Gregory Maxwell <gmaxw...@gmail.com> writes:
> I'm not a great fan of this proposal for two reasons: The first is
> that the strict ordering requirements is incompatible with future
> soft-forks that may expose additional ordering constraints. Today we
> have _SINGLE, which as noted this interacts with poorly, but there
> have been other constraints proposed that this would also interact
> with poorly.
Yes, I hit this when I implemented an IsStandard change; upon input
evaluation the scriptsigs which used _SINGLE get disregarded from
> The second is that even absent consensus rules there may be invisible
> constraints in systems-- e.g. hardware wallets that sign top down,
I think that one's pretty easy to fix (and they should fix it anyway, to
avoid leaking information due to ordering): they can receive an
unordered tx and sign it as if it were ordered canonically.
> future transaction covenants that have constraints about ordering, or
> proof systems that use (yuck) midstate compression for efficiency.
The softfork argument I find the most compelling, though it's tempting
to argue that every ordering use (including SIGHASH_SINGLE) is likely
> I think perhaps the motivations here are understated. We have not seen
> any massive deployments of accidentally broken ordering that I'm aware
> of-- and an implementation that got this wrong in a harmful way would
> likely make far more fatal mistakes (e.g. non random private keys).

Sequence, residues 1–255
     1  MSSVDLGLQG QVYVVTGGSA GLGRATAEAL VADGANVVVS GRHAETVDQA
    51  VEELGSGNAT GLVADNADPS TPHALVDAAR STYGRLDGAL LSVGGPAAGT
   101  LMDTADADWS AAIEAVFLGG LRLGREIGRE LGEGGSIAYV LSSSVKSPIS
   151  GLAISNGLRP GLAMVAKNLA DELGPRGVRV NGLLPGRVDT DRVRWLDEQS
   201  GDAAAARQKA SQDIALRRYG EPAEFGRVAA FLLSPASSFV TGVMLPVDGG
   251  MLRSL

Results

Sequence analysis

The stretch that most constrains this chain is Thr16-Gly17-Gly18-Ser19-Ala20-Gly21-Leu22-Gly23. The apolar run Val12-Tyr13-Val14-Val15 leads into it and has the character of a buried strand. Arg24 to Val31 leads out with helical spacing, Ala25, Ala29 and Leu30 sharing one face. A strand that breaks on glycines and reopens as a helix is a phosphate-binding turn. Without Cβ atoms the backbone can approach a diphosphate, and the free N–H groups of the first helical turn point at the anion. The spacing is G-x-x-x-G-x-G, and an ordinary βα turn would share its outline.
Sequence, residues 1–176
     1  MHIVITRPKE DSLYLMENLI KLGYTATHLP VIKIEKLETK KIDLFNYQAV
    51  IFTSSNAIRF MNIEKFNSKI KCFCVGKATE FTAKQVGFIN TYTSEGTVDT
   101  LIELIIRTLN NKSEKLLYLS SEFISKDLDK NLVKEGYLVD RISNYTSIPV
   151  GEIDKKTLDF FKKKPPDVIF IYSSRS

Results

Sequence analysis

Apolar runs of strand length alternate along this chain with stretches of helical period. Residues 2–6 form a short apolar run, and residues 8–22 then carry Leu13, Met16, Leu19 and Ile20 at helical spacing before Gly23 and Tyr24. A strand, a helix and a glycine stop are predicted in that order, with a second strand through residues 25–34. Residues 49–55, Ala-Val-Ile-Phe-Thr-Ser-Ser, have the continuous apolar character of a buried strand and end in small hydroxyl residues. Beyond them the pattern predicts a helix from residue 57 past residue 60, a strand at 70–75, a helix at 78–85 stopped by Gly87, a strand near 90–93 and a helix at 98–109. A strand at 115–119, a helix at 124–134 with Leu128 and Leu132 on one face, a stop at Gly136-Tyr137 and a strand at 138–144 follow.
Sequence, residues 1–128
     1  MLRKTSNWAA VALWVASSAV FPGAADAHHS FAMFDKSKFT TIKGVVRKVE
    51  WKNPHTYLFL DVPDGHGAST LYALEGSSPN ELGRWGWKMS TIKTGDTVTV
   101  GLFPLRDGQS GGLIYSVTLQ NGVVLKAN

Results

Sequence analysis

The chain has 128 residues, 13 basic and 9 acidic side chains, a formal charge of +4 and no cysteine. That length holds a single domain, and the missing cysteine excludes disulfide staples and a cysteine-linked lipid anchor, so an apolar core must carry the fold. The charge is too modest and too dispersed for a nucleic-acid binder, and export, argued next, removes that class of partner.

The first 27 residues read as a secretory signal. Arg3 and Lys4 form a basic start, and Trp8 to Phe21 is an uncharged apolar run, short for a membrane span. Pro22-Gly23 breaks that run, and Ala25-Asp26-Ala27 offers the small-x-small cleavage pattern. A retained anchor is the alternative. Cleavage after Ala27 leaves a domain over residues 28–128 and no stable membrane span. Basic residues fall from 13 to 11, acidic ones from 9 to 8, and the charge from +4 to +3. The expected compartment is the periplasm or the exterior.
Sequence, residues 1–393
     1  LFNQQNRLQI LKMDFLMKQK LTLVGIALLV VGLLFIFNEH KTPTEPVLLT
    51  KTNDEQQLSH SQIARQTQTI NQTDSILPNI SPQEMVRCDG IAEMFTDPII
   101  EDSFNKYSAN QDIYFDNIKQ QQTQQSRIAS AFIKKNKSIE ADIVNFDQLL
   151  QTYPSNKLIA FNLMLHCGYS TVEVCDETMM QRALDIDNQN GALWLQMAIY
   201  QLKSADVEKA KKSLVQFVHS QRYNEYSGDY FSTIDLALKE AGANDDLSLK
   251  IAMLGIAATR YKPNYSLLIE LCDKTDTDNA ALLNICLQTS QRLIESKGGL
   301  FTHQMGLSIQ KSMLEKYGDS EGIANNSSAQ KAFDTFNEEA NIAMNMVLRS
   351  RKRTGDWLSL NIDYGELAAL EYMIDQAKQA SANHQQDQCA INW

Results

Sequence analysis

I was prompted to propose something by this:
If that's the only one though, it's less compelling.
> As an alternative to this proposal the ordering can be privately
> derandomized in the same way DSA is, to avoid the need for an actual
> number source. If getting the randomness right were really the only
> motivation, I'd suggest we propose a simple derandomized randomization
> algorithm--- e.g. take the order from (H(input ids||client secret)).
> I think there is actually an unstated motivation also driving this
> (and the other) proposal related to collaborative transaction systems
> like coinjoins or micropayment channels; where multiple clients need
> to agree on the same ordering. Is this the case? If so we should
> probably talk through some of the requirements there and see if there
> isn't a better way to address it.
Indeed. I was implementing deterministic permutations for lightning
(signature exchange requires both sides agree on ordering).
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